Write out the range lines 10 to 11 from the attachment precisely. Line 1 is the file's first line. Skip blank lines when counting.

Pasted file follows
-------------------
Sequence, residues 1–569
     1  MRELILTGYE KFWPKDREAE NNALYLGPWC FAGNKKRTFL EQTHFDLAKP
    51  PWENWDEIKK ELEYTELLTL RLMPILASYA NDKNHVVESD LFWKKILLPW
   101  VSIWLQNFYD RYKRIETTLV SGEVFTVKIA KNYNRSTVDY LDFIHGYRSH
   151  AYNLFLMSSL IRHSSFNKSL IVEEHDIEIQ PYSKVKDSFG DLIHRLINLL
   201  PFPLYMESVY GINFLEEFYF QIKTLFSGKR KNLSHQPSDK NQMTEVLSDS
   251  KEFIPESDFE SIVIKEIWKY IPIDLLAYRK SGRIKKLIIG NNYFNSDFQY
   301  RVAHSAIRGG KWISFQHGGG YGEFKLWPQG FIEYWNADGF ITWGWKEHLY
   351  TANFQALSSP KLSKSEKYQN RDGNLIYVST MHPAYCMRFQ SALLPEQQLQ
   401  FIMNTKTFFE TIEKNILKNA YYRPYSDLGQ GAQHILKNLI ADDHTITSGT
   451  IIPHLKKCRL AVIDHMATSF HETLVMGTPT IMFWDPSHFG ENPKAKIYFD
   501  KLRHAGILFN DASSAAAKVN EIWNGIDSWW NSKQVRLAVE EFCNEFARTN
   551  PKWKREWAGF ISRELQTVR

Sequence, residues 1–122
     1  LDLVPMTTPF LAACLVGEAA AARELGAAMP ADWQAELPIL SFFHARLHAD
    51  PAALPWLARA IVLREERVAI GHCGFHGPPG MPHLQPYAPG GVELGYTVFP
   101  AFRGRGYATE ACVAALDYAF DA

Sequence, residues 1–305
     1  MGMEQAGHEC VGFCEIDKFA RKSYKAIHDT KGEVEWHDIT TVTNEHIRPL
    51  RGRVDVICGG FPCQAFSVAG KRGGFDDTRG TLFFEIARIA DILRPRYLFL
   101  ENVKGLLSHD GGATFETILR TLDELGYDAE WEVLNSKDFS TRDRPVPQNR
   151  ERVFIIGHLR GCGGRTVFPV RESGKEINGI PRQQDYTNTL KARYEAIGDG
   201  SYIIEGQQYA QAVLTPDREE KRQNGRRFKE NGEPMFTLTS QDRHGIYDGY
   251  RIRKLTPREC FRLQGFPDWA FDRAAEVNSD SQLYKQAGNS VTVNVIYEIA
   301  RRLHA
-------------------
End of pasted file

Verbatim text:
   401  FIMNTKTFFE TIEKNILKNA YYRPYSDLGQ GAQHILKNLI ADDHTITSGT
   451  IIPHLKKCRL AVIDHMATSF HETLVMGTPT IMFWDPSHFG ENPKAKIYFD